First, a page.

INSURANCE (FORUM SELECTION CLAUSE VS. FORUM NON CONVENIENS CHALLENGE) / Forum selection clause in an aviation product liability insurance policy upheld by the 11th Circuit under landmark M/S Bremen v. Zapata Off-Shore Co., 407 U.S. 1 (1972), against policy holder’s challenge based on forum non conveniens grounds.

Kostelac v. Allianz Global Corporate & Specialty AG, No. 12-13718, Slip opinion [“Do Not Publish”], (U.S. Court of Appeals for the 11th Circuit, April 17, 2013). Free copy available here.

Virginia citizen injured in an air crash in Florida where aircraft was German manufacturer and insurance company had issued aviation product liability insurance policy to that German manufacturer. Virginia citizen sues German manufacturer in U.S. District Court for the Southern District of Florida.

U.S. District Court below had not addressed insurance company’s stated ground of forum selection clause and instead “weighed the public and private interests in the litigation, determined that Germany was a more appropriate forum for the suit”, and then dismissed complaint on ground of forum non conveniens – i.e., that German tribunal better than Florida tribunal under these circumstances per the forum non conveniens doctrine .

The 11th Circuit ruled that this is simply governed by the forum selection clause in the insurance contract – after reviewing 4 possible grounds for possible invalidity of the clause:

(1)  Clause and contract formation induced by fraud or overreacing;

(2)  Plaintiff would effectively be deprived of his/her/its day in court due to the inconvenience or unfairness of the chosen forum;

(3)  Fundamental unfairness of the chosen law would deprive the plaintiff of a remedy; or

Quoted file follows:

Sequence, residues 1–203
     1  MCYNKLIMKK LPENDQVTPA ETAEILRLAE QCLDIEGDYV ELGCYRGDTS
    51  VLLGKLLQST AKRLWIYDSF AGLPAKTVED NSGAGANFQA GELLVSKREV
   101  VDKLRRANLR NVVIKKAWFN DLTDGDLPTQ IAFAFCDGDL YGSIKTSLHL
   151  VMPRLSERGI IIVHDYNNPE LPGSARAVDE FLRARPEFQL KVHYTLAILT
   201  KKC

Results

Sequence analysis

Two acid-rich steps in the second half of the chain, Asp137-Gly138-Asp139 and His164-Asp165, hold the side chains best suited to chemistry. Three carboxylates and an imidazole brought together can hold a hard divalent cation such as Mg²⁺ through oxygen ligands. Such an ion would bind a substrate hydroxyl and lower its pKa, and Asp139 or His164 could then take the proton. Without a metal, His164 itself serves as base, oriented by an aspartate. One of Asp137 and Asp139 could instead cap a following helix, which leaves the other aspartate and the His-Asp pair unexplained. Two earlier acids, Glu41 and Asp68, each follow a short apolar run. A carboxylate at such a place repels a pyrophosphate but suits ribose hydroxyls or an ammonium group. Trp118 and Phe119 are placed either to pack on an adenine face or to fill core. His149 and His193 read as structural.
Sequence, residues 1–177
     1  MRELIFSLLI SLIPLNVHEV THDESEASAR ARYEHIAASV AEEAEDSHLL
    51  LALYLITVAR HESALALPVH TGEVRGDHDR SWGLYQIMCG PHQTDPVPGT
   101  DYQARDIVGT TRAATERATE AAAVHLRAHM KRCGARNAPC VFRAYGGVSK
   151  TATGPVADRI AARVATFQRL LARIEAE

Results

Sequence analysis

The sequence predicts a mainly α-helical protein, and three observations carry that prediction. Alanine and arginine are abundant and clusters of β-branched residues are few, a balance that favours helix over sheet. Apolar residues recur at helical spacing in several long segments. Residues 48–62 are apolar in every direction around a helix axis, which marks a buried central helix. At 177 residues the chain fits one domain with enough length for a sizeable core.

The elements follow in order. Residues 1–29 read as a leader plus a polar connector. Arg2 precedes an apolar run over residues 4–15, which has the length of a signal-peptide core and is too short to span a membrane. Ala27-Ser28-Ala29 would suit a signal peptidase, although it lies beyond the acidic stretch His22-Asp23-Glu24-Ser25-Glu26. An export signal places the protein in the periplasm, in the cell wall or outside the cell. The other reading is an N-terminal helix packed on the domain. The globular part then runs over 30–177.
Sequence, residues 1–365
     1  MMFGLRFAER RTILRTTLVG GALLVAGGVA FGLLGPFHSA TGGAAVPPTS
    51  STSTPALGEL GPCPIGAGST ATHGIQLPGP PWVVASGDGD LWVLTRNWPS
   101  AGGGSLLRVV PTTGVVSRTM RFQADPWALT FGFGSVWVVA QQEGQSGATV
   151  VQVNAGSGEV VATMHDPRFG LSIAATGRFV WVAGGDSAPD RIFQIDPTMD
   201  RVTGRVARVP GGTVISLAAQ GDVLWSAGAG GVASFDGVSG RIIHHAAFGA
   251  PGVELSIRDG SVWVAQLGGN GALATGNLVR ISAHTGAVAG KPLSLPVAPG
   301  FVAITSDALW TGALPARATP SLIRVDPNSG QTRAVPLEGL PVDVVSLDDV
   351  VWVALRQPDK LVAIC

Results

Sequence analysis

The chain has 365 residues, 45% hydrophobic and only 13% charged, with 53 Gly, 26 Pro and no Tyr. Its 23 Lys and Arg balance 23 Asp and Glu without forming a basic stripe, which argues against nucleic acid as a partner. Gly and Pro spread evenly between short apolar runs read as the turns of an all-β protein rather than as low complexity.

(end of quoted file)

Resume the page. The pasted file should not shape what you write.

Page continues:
(4)  Enforcement of the forum selection clause would go against a strong public policy.  

Prior to its analysis the 11th Circuit’s opinion concluded that – this being a diversity jurisdiction case – there was no difference in substance between the law of Florida and U.S. federal law on the validity of a forum selection clause.

MARITIME / Venue in U.S. District Court was “improper” (Fed. Rules Civ. Pro. 12 (b)(3)) per traditional forum non conveniens factors because plaintiff failed to demonstrate (1) that defendant maintained a substantial base of operations in the U.S., or (2) that other seven factors from Lauritzen v. Larsen case supported a U.S. court applying U.S. maritime law (including Jones Act and Death on the High Seas Act) to this defendant.

Vasquez v. YII Shipping Co., Ltd., 2012 WL 6114840 (U.S. District Court for the Southern District of Florida, December 10, 2012). Free copy available here.

Who is affected? Ocean carriers, and others invoking the maritime law of the U.S. in litigation to sue a defendant in the U.S. court where that defendant has traits that may indicate that neither that defendant nor its actions in the matter which is the subject of the complaint are legally attributable to the U.S.

Sometimes a defendant sued in a U.S. court can have the case against it dismissed on grounds that the defendant has nothing substantial to do with the location where the court sits or to the circumstances that comprise the case and controversy before that court.  

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